I swiped my dad’s car keys, James whispers between my lips. What do you say we go skinny-dipping in the river after school?

How about you get naked and I’ll just watch?

Works for me.

I laugh, and James gives me one more squeeze before taking his arms from around me. He pretends to fix my hair, really just messing it up more. Better get to class, he says finally. And tell Miller he’s invited to watch me swim naked too.

I back away, first kissing my fingers and then holding them up in a wave. James smiles.

He always knows what to say to me. How to make me feel normal. I’m pretty sure I wouldn’t have survived Brady’s death without him. In fact, I know I wouldn’t have.

After all, suicide is contagious.


WHEN I WALK INTO ECONOMICS, I TELL MY TEACHER that therapy ran late, taking out one of the fake passes that me, James, and Miller made weeks ago. Since The Program started monitoring our school, I’ve found that my boyfriend is not only a talented liar but also a master of forgery. A handy skill to have as of late.

Mr. Rocco only glances at the pass before motioning me toward the back. It’s the fifth time I’ve been late this month, but luckily no one ever questions me. I’ve learned how to appear well. And in their eyes, talking to a professional is a sign that I’m trying to stay healthy.

Hey, gorgeous, Miller says when I sit down. "You and James have a good therapy session?" He’s sitting in the desk next to mine, staring into his lap as the teacher turns to write on the dry-erase board.

Miller and I have been friends since the beginning of last year, sharing most of our classes together. He’s tall and wide, and I imagine if our high school had a football team, he’d be their star athlete.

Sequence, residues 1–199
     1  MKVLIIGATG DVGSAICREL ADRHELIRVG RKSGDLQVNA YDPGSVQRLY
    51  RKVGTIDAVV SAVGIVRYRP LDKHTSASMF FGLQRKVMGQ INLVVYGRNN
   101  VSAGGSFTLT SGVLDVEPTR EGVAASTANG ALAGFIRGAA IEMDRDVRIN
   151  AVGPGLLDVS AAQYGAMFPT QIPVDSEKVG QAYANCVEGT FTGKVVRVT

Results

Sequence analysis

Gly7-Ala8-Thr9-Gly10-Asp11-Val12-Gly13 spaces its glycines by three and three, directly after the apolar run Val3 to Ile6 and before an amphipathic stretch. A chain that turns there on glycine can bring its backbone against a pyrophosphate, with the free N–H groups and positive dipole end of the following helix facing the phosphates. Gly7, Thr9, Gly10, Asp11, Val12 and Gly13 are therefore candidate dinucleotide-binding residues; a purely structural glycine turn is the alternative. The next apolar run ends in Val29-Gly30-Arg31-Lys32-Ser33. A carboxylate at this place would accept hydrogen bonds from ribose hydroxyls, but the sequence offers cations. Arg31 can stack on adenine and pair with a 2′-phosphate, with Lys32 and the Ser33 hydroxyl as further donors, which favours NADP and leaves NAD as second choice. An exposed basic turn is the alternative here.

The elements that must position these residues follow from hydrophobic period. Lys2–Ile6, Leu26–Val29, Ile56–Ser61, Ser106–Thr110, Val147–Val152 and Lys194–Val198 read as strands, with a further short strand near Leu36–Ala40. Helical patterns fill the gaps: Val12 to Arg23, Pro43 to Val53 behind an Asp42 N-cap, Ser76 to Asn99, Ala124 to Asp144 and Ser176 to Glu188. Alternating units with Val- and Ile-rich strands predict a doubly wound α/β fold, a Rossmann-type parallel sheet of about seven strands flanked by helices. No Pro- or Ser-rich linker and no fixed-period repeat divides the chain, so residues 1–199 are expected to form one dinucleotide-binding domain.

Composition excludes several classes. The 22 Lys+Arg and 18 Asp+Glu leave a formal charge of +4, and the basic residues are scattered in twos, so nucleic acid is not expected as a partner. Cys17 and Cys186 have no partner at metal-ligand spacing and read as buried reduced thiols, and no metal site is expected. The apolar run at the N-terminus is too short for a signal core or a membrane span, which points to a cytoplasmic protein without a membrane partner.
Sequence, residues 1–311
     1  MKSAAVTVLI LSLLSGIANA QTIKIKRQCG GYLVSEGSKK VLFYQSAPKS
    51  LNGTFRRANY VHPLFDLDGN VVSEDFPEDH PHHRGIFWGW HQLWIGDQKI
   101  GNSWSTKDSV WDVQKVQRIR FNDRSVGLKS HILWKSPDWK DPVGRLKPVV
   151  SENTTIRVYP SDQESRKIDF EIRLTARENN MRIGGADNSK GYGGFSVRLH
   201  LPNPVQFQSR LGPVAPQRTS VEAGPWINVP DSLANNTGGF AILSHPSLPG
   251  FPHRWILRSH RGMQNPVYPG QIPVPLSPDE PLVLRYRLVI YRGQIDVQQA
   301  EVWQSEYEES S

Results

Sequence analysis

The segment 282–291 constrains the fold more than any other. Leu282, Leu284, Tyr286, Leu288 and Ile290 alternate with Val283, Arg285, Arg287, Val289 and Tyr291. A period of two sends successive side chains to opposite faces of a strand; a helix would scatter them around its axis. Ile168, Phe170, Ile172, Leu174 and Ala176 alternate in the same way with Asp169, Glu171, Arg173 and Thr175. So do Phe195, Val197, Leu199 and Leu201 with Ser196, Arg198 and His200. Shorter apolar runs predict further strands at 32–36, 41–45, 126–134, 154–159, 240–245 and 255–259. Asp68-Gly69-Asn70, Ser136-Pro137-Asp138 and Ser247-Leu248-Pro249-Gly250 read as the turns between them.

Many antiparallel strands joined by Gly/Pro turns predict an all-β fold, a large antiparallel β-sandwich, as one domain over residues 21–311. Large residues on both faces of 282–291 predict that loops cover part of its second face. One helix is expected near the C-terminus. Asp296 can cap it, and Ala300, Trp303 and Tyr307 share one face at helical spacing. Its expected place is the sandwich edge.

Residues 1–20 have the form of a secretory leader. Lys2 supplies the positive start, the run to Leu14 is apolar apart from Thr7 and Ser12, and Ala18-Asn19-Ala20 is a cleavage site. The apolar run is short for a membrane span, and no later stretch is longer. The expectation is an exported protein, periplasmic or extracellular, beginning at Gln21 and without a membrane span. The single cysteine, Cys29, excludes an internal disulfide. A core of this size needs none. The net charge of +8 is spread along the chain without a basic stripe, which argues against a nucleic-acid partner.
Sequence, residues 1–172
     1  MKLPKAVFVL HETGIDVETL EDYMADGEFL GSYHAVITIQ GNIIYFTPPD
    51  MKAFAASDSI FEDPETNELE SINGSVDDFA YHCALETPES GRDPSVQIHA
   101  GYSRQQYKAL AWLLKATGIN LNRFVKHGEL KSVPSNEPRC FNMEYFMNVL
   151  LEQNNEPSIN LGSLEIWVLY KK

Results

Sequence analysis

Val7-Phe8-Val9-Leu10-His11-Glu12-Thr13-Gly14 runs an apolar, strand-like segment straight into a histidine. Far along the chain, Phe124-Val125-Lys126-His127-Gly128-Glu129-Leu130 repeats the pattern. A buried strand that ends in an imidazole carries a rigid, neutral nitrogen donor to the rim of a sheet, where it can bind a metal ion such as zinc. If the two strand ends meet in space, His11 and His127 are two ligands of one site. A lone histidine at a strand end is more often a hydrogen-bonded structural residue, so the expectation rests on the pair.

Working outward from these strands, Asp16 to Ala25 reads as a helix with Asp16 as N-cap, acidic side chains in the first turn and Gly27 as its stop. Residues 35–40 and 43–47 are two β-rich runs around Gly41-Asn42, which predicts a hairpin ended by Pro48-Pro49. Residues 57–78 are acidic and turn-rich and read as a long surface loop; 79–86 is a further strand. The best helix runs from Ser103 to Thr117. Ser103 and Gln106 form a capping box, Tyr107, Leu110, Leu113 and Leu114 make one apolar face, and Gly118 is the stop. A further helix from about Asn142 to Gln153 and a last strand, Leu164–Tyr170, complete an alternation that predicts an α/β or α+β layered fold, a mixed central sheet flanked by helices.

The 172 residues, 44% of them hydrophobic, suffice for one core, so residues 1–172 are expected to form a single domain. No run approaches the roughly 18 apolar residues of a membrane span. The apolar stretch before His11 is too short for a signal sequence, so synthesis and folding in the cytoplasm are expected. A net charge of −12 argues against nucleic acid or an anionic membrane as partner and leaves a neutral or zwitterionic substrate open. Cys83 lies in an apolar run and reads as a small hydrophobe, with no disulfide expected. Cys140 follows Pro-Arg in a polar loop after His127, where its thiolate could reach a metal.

Yep, I respond. Think we really had a breakthrough this time.

I bet.

He smiles but doesn’t look over. Instead he continues to doodle in a notepad that he’s got stashed under the desk. My heart thuds in my chest at what I have to say next.

Lacey’s back, I say quietly.

Miller scratches his pen harder into the paper. Where’d you hear that? I try not to react as the color drains from his face.

Kendra Phillips told me before they came and . . . I lower my voice. Took her.

Miller finally looks sideways at me, obviously hearing about Kendra for the first time. His brown eyes narrow, maybe deciding if he truly believes that Lacey could be home. But then he just nods and goes back to his notepad. Never saying a word.

His silence nearly breaks me, and I spread my fingers out on the cool desktop, trying to keep my emotions in check. I stare down at my fingers, at the plastic heart-shaped ring there. James had given it to me the first time he kissed me—a few months before my brother died. Lacey and Miller always joked that this ring was the closest I’d ever come to getting a real diamond from him. Then James would laugh, saying that he knew what I really wanted and it didn’t sparkle.